I'd be happy to get more into what I didn't like about the job itself if people are interested (complete with stories)--but that's not really the point of this thread, so I'll leave it at that, and say that after a year I just couldn't take it anymore. Walked into the boss's office, quit without notice, and left the building an hour later. Took about a week to recharge, grabbed a job through a friend as a senior technical consultant, and happy to report that I'm now back working as a mid-level manager at a different bulge bracket in the software engineering space. My life is like a vacation now as I have normal hours, interesting work, and make an upper-middle class compensation.

Advice for others

So--what's the point of this story? I know there are very few people who go to investment banking via the route I did; most people I worked with were hard workers their entire life which culminated in an offer to a bulge bracket and big dreams of the next great thing afterward. So I'll try to compartmentalize some personal advice, having been through it, to different groups of people:

1) Late high schoolers/College students:

If you're looking at investment banking as a career option, it probably seems like the only way for you to enter the upper class, and there is a lot of pressure to do it. However, if money is your main driver, you're setting yourself up for some heartache. I met MANY analysts who were extremely unhappy people (way more unhappy than any 22 year old should be)...and I honestly think it's because these were the smartest, most hard-working kids I've ever met, and they were doing simple work that any even slightly intelligent person could do, and doing it for 70% of their lives.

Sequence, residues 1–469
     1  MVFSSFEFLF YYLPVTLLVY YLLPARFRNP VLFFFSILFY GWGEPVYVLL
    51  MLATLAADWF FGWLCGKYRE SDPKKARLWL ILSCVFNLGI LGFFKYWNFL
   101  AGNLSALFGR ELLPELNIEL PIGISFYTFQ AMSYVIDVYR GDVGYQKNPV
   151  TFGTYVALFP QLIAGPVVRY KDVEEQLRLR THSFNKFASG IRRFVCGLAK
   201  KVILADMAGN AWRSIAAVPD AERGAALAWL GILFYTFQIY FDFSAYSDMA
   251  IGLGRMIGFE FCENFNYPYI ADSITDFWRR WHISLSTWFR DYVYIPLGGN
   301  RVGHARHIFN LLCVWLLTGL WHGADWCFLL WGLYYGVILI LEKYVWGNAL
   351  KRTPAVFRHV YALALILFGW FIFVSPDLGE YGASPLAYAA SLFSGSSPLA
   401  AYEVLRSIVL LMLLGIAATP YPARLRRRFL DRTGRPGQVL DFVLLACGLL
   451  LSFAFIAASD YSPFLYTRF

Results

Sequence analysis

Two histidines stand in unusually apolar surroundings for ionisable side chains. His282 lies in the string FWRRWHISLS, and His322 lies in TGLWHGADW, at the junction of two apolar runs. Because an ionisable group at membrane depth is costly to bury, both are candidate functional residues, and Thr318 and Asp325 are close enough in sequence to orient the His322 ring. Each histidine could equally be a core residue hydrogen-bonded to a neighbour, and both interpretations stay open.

There are many other ways to make money in this life and many other jobs that are much more difficult and stimulating. I won't say that money doesn't matter--because that is horribly untrue--but the diminishing returns of going from my compensation level (think 2nd year associate) to say, that of a Director, won't make up for the happiness loss by just having a job you hate your whole life.

2) BO personnel at banks (or other professions) thinking about a switch:

How much do you enjoy your job, all-in? Compensation + Work/Life + Intellectual stimulation + whatever else. Chances are, the ONLY thing in that equation that will improve by making a switch to investment banking (can't speak for other front office roles) is compensation; while every other component of the equation will get appreciably worse. I fell into the "grass is always greener" trap; try to appreciate what you have before you make the decision that something else is right for you.

3) Current analysts/associates:

This is a tough one. I certainly don't want to tell you that you made the wrong choice. And most of you, I assume, don't have 7 years of good software engineering experience to fall back on as a "backup" career. The advice I would give to you is simply that if you're on the "track" (MBA, PE, whatever you kids are doing these days) and you're unhappy with your life, don't be afraid to step back and reassess. As smart and capable as you clearly are, you can build a career in something else, if you so choose. One thing I really took offense to at my IB is that the senior people acted as though they were doing the junior people a favor by letting them work there. It is in fact the exact opposite; YOU are the one doing the senior people a favor by working for them. You're the smart, talented, incredibly hard-working person who any employer would kill to have; don't let these MDs make you think anything otherwise.